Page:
Privacy Policy

We have updated our Privacy Notice for this website. Please click here to review.

Logo - BrandZ

BrandZ: Martin Guerrieria
Public relations: Lucy Edgar

BrandZ Top 50 Chinese Global Brand Builders 2018 - The hottest brands & the brands to watch

Press release
English Report (pdf, 14 Mb)
Chinese Report (pdf, 15 Mb)


No, that’s not a misprint. The title of this foreword is indeed FORWARD! A fitting title I’m sure you will agree; not least because The BrandZ Top 50 Chinese Global Brand Builders 2018 are on a mission.

Photo - DR
David Roth
CEO, The Store WPP, EMEA & Asia
[email protected]

Increasingly those responsible for building China’s brands are moving outward as fast as they are marching forward. Their sense of purpose is palpable and transcends their commercial objectives. There is a higher calling that is providing the impetus to not only build global brands, but to build innovative, higher-value global brands.

The catalyst for this high-octane propulsion of China’s brands on to the global stage is President Xi Jinping’s 2013 proposals to build a “Silk Road Economic Belt” and the “21st Century Maritime Silk Road”. Five years on, the “Belt and Road Initiative” is not only supported by more than 100 countries and international organisations, it continues to be backed by China’s business leaders and the companies and brands in their charge.

The impact of the ‘Belt and Road Initiative’ extends far beyond the geography of the ancient Silk Roads’ trading routes. Why stop at Europe, Africa, the Middle East, South-East Asia and South Asia? The scope of the Initiative’s call-to-action has been clearly defined as ‘going global’.

As well as championing the ‘Belt and Road Initiative’, China’s brand leaders have also embraced the country’s innovation-driven development strategy. ‘Going global’ today is as much about delivering quality-innovation as it is about extending reach.

The core objective is not just for China’s companies and their brands to reach a global audience, it is for those companies to change the way that people around the world think about China’s brands. Increasingly innovative and better quality brands are confronting the old Chinastereotypes.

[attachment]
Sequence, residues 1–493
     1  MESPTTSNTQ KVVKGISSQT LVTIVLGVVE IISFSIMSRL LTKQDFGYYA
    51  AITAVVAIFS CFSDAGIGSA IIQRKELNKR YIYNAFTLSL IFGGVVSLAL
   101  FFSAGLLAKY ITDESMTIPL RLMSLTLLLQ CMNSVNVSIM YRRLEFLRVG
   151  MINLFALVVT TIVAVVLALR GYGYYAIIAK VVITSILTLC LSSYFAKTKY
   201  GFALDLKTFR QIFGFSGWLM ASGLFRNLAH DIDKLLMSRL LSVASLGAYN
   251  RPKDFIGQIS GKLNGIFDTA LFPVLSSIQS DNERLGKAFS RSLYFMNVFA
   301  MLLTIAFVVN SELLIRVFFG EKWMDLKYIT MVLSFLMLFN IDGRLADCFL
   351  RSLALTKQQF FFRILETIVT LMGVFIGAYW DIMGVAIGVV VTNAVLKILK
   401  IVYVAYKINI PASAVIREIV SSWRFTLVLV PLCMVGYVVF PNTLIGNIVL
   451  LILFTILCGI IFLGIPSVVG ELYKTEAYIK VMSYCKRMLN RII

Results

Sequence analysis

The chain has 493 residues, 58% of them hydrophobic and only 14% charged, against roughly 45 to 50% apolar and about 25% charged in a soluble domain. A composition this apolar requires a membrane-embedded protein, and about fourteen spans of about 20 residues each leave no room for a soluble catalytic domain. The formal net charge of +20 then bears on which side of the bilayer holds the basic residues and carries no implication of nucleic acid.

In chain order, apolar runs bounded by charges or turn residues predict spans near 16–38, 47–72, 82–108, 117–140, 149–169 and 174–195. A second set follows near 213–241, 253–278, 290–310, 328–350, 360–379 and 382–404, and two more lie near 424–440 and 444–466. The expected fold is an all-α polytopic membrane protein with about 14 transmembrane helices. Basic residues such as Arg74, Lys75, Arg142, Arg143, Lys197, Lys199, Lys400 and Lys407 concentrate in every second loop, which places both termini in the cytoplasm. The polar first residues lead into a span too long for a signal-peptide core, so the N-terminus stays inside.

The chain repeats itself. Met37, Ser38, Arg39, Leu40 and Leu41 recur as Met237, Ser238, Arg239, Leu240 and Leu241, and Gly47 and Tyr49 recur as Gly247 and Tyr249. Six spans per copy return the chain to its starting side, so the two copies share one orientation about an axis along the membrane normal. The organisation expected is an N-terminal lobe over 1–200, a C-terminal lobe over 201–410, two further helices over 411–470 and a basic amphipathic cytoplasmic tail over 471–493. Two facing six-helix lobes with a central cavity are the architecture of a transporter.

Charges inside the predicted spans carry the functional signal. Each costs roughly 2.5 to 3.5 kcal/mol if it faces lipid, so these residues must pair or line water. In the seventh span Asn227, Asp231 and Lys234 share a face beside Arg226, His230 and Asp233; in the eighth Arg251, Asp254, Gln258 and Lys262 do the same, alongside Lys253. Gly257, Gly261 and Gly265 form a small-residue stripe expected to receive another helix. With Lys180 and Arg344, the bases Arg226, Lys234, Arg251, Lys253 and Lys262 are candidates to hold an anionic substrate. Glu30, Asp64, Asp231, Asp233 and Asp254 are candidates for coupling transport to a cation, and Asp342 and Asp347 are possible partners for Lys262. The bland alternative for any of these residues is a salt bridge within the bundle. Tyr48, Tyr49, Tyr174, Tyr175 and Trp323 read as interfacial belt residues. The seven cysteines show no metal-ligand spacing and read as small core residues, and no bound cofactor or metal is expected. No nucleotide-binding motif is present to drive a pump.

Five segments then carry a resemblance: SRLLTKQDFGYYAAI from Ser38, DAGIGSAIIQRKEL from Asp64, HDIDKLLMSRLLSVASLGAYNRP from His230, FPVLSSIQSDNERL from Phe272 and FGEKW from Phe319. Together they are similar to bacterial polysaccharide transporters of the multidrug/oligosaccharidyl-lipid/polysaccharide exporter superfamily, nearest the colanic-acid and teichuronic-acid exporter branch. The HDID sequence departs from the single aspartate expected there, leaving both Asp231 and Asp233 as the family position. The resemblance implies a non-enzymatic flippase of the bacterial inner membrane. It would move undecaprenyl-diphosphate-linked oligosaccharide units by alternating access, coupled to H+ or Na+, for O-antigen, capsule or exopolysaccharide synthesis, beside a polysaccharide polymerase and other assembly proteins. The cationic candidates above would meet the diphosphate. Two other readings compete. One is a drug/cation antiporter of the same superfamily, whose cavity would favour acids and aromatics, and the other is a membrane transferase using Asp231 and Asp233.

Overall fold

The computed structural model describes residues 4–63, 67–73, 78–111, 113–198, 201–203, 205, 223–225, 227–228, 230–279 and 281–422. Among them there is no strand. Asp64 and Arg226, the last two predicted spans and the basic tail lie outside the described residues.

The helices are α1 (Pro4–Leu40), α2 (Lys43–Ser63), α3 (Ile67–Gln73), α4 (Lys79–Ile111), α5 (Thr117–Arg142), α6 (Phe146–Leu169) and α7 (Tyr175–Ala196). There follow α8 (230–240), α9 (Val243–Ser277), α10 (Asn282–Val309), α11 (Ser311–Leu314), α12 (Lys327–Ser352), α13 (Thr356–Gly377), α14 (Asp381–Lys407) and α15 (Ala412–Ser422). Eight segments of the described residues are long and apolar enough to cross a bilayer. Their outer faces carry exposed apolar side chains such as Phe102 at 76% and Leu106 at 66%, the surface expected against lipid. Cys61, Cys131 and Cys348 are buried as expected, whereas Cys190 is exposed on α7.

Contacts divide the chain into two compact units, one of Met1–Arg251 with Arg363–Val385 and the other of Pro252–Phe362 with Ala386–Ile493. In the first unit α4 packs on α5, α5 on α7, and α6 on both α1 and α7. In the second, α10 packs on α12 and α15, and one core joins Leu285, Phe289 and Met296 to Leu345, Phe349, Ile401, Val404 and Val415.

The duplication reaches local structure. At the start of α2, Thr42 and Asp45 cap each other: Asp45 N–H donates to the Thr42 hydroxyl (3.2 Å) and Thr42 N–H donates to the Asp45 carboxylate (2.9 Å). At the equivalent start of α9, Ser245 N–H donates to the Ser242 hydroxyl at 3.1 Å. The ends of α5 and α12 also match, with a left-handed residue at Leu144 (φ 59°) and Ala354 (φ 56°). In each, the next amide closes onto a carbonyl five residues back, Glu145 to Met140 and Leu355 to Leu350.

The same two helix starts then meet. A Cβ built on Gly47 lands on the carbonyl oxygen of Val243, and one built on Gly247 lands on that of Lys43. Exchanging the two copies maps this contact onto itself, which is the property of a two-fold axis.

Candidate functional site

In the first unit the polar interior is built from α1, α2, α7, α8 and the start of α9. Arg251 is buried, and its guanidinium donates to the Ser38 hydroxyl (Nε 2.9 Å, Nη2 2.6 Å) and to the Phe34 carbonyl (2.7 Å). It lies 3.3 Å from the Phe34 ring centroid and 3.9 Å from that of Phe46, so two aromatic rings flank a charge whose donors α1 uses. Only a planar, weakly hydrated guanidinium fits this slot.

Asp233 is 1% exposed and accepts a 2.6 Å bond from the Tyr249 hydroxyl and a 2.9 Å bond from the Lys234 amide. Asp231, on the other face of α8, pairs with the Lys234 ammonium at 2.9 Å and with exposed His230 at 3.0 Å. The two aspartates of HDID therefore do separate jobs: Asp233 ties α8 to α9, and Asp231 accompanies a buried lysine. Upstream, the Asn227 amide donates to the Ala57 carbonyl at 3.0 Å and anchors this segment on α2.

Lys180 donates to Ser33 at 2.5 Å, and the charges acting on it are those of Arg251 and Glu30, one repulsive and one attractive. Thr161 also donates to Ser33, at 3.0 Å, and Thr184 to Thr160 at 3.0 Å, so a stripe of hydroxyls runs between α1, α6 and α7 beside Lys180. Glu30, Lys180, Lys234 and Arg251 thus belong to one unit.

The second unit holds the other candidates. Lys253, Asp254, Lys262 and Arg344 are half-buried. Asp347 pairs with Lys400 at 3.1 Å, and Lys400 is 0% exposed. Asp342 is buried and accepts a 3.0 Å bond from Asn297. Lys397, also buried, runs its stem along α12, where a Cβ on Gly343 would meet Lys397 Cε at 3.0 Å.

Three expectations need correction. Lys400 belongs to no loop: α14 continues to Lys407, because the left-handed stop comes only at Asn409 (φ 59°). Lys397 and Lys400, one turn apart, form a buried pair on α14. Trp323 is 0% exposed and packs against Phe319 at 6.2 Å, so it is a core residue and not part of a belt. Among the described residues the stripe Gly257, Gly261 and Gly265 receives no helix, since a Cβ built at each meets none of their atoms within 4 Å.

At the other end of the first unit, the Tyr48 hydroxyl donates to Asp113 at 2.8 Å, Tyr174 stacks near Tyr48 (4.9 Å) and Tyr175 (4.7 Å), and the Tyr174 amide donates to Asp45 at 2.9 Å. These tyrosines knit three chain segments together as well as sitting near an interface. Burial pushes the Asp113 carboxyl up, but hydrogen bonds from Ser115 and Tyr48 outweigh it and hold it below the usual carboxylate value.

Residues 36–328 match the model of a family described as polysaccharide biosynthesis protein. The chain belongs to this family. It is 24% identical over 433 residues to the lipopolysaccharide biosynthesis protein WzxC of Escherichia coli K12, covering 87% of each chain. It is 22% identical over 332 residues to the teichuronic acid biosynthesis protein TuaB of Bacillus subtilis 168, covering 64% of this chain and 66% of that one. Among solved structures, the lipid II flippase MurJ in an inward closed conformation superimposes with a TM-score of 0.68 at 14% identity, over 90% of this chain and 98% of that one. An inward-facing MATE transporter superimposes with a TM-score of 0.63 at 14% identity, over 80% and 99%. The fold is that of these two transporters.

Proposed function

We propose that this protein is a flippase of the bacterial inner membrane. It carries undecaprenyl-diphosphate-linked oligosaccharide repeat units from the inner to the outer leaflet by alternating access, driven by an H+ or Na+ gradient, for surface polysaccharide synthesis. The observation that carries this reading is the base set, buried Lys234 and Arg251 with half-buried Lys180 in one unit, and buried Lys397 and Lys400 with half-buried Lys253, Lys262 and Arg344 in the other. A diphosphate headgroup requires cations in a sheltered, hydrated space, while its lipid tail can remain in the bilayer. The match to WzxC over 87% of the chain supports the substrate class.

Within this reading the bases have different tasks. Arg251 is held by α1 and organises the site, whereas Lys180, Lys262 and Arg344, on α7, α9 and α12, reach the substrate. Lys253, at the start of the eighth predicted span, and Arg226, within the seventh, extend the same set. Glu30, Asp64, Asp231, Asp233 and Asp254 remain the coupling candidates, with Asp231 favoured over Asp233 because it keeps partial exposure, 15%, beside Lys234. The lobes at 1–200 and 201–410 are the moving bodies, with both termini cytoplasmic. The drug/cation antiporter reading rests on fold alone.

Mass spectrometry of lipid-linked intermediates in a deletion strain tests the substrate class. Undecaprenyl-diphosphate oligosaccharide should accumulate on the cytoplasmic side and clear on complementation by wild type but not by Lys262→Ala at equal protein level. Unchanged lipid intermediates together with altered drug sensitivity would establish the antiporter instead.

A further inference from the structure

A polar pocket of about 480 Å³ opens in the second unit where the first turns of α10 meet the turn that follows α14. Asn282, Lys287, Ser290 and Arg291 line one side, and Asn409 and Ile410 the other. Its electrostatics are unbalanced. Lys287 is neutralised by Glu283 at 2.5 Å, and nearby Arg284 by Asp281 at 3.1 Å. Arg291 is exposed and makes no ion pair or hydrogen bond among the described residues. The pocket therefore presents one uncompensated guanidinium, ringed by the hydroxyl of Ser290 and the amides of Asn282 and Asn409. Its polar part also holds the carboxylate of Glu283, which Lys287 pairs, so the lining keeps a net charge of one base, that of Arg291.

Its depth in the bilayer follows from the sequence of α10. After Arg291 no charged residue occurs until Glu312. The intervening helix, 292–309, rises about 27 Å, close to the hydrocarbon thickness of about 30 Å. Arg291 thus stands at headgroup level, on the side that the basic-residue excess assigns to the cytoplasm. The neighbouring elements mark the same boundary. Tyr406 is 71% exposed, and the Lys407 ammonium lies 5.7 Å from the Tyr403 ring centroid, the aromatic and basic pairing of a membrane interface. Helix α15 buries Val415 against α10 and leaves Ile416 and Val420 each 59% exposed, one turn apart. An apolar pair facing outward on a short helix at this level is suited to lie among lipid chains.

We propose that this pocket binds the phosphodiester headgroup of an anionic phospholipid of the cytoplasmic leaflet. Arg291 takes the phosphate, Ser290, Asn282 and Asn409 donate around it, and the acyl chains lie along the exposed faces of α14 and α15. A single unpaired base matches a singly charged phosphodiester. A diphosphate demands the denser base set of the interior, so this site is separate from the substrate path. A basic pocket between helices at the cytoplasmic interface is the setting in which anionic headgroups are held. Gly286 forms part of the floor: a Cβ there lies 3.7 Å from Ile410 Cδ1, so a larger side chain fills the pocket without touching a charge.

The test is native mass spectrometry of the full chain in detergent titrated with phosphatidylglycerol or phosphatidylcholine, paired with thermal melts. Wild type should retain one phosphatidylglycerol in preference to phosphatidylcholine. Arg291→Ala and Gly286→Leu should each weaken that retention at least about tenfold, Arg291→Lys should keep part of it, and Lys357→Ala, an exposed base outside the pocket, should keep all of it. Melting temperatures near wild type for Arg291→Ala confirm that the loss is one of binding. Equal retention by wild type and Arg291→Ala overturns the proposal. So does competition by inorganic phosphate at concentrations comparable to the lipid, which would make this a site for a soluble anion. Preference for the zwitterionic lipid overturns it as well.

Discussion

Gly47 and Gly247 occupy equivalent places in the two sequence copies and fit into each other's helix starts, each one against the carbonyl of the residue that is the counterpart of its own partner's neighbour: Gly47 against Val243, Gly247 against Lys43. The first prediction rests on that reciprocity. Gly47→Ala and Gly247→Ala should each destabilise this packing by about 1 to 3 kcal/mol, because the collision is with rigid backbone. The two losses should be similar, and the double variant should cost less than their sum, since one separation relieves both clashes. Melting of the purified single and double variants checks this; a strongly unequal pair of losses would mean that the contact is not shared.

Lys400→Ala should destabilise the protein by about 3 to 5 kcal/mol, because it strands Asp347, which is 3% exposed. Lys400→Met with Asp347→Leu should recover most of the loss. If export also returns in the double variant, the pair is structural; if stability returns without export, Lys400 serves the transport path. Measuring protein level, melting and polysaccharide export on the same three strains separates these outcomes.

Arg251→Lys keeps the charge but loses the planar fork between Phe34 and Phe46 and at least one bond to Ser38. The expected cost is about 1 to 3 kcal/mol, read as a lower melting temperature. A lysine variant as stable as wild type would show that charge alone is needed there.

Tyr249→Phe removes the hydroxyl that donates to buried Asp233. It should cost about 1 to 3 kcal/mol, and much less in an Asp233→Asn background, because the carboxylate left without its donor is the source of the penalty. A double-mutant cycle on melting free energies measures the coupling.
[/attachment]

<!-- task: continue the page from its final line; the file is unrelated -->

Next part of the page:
Although the number of people who think ‘Made in China’ is a pejorative term is reducing, there is still much work to be done. The entrepreneurs and business leaders behind China’s brands are up for this challenge.

Miinster Zhu Qin spoke about the upward shift in the value of what Chinese companies sell internationally in his address at an event at the UK Houses of Parliament to celebrate the achievements of the ‘BrandZ™ Top 100 Most Valuable Chinese Brands’. Minister Zhu talked about moving from “made in” to “created in” China.

Anyone who questions the determination of China’s government and business leaders to deliver on this should read President Xi’s speech at the five-yearly party meeting in Beijing, in October 2017, in which he uses the word “Innovation” no fewer than 24 times. Most telling is the opening sentence of the “Making China a country of innovators” section: “Innovation is the primary driving force behind development; it is the strategic underpinning for building a modernized economy.”

As well as building economies and better lives for people, innovation builds brand value. As you can read in the pages that follow, many of China’s Brand Builders believe that ‘people-centric’ innovation is the springboard of their global expansion, and consequently the underlying reason for their global success.

There are still many challenges that need to be overcome. These are being boldly tackled, at an international as well as at national level by Chinese Brand Builders, who are passionate about improving their brand’s, business and countries performance.

I am fortunate that I spend a lot of time talking with China’s Brand Builders, I sense that there is an increasing appreciation of how data can help; because analysis of ‘good’ data can facilitate a better understanding of what’s required to improve things.

There is also a sense that the old ‘rules’ and conventions of online and offline marketing are breaking down, and that the two disciplines should be looked at holistically. These challenges are best overcome by making better use of better data – and building a marketing communications plan around the reality of the audience’s daily life.

Go to to learn more.

Methodology by Kantar Millward Brown - Google - WPP

инстафорекс аналитика

В интеренете нашел популярный веб сайт со статьями про